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I’ve Heard That: A Blog a Day Shows Google the Way

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Speaker 1 (00:03):

Welcome to I’ve Heard That, the podcast from Hurrdat Marketing that discusses digital marketing trends, tips and more.

Meghan (00:11):

Hi and welcome everybody. I’m, again, excited to have you on the show, Ross. And Bailey, welcome. Bailey’s been on previous seasons, but welcome back Bailey. And we are going to unpack blogging. I know when I hear blogging, I think of travel blogs and personal blogs, recipes, home design tips. So break it down for me. It’s so much more than that now. And obviously we’re here to talk about it in a business context. So let’s back up. Tell me how did blogging come around? When did this start?

Bailey (00:47):

It seems like it’s been forever, but it really hasn’t been, it’s been 10, 15 years. I mean, if we go back to early days of the internet and… I don’t know about you Ross, but I had a Zanga and a live journal and things that we probably should never ever look up.

Meghan (01:06):

These probably still exist, right?

Ross (01:09):

[crosstalk 00:01:09] and things like that. Altavista way back in the day. I’m a little older, so I’ve got a lot of skeletons in my closet.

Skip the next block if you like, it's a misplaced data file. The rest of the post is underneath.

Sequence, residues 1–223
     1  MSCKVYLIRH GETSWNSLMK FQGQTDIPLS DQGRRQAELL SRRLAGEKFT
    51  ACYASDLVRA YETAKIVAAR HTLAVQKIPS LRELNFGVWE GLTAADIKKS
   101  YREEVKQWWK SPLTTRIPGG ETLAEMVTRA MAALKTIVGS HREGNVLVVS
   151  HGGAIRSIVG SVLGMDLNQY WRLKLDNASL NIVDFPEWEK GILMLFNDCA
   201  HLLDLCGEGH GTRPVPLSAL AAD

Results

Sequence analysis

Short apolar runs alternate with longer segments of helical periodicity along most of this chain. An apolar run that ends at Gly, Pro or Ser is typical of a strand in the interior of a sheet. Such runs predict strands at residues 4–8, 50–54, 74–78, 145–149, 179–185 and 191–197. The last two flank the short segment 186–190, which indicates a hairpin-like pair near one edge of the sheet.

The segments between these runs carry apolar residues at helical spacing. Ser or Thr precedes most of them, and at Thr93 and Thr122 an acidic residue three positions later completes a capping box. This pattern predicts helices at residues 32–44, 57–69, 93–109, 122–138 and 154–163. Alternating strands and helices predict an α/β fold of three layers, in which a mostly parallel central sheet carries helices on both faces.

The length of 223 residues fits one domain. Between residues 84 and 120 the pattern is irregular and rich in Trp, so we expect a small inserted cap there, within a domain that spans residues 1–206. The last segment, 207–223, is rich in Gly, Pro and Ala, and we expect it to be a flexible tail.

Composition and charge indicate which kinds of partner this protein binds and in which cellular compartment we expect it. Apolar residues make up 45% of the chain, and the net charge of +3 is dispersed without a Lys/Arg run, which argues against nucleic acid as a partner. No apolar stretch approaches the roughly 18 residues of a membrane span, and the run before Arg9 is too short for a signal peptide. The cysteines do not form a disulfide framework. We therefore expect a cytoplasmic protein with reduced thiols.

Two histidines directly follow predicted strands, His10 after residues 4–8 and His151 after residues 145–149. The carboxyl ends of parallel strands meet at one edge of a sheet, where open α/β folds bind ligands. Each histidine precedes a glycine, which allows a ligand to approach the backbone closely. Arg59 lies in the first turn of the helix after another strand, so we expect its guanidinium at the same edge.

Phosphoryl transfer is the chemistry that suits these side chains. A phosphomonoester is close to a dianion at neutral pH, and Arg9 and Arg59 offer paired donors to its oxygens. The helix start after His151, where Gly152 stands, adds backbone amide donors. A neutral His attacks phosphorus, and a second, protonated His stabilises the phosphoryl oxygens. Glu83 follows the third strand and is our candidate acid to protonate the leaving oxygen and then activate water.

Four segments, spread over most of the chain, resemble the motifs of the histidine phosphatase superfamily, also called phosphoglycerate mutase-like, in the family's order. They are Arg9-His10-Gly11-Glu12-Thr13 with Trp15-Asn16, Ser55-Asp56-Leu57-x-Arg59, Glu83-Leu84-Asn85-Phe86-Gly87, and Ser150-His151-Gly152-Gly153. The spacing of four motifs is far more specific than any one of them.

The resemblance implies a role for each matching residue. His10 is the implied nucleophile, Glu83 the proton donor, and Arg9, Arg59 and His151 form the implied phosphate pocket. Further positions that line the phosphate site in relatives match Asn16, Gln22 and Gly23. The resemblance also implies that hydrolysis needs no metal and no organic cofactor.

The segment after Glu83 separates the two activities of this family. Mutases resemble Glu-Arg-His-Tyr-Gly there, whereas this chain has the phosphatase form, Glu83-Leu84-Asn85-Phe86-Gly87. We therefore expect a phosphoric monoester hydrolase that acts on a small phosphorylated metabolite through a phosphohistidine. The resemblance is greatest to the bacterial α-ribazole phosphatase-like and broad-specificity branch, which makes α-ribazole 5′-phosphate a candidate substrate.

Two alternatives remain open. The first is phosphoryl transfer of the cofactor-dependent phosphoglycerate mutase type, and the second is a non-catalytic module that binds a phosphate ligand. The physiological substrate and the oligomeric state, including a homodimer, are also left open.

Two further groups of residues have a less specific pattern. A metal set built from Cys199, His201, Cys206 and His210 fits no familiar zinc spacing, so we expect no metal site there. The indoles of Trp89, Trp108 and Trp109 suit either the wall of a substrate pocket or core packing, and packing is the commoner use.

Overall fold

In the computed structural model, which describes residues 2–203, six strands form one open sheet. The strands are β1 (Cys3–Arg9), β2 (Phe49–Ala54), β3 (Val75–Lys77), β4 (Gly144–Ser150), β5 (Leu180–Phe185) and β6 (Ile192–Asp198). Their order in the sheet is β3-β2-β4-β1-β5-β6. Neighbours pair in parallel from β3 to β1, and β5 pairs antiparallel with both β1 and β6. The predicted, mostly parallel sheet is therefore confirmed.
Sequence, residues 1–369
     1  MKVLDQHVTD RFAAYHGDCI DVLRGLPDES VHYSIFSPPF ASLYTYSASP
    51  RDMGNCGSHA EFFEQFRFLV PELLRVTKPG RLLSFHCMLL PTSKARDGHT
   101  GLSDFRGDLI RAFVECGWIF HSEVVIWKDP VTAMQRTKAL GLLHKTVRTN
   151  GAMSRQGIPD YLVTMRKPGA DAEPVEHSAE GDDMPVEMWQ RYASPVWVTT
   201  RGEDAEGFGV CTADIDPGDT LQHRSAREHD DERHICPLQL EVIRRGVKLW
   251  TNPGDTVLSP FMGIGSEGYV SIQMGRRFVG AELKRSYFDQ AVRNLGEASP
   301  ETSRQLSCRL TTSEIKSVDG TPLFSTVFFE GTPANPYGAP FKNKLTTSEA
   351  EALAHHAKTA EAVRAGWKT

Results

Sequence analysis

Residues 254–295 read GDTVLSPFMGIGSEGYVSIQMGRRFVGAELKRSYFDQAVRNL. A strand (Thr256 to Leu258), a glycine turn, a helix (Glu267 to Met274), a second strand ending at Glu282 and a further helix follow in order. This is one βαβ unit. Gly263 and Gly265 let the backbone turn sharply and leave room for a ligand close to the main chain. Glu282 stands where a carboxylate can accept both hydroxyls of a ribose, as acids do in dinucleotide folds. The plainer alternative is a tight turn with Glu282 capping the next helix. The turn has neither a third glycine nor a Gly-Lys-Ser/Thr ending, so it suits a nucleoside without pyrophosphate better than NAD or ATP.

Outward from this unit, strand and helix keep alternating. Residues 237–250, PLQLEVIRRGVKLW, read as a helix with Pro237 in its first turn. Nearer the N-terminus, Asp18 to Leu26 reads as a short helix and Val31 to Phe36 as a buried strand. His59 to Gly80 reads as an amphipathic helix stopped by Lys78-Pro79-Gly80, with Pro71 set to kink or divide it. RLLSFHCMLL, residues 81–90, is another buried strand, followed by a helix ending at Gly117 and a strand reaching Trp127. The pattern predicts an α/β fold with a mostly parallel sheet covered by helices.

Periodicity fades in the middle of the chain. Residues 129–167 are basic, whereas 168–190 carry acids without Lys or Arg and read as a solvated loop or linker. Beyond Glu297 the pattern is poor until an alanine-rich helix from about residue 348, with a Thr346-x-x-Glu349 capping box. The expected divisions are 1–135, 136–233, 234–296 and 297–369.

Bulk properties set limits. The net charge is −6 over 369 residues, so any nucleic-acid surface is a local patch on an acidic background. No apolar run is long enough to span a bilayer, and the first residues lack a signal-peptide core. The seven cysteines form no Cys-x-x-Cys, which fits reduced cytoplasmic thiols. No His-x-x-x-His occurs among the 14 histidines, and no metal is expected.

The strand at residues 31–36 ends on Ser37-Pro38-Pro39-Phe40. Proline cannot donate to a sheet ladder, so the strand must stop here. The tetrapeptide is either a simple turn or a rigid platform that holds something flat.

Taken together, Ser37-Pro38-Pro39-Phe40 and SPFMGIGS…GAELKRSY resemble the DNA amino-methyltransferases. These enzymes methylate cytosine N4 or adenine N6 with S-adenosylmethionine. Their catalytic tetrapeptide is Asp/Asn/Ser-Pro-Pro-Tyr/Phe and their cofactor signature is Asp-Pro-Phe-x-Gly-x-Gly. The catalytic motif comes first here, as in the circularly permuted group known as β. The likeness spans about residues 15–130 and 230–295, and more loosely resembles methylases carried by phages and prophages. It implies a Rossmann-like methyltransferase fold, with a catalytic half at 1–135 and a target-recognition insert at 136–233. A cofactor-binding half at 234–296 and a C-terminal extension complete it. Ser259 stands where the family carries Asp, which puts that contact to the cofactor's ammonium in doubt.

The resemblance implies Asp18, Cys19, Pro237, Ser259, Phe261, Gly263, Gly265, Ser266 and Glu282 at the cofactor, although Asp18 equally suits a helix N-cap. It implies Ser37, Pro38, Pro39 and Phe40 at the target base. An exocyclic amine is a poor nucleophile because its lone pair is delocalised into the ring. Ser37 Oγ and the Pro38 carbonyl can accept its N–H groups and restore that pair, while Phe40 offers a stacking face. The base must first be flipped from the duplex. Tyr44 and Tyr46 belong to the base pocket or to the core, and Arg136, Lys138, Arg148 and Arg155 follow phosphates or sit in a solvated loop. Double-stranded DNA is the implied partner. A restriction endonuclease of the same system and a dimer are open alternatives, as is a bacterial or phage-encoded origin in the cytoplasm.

Bailey (01:18):

That’s kind of where it started though, is just people journaling online. And then right around 2005 to about 2009, I’d say is the era of personal blogging. And that was where we started seeing everybody had a blog and they were just putting their thoughts out there. Some people were actually using it for, like you said, Megan, putting together recipes or sharing their travel stories, updates on their families, advice for other moms, things like that. And so it was really interesting because businesses and marketers saw the success of those blogs and said, “Hmm, we should do that.” And that’s kind of what led into, I’d say about 2010 to 2014, the content farming began. And that’s probably most noticeable with, I don’t know, Buzzfeed ever heard of them?

Bailey (02:13):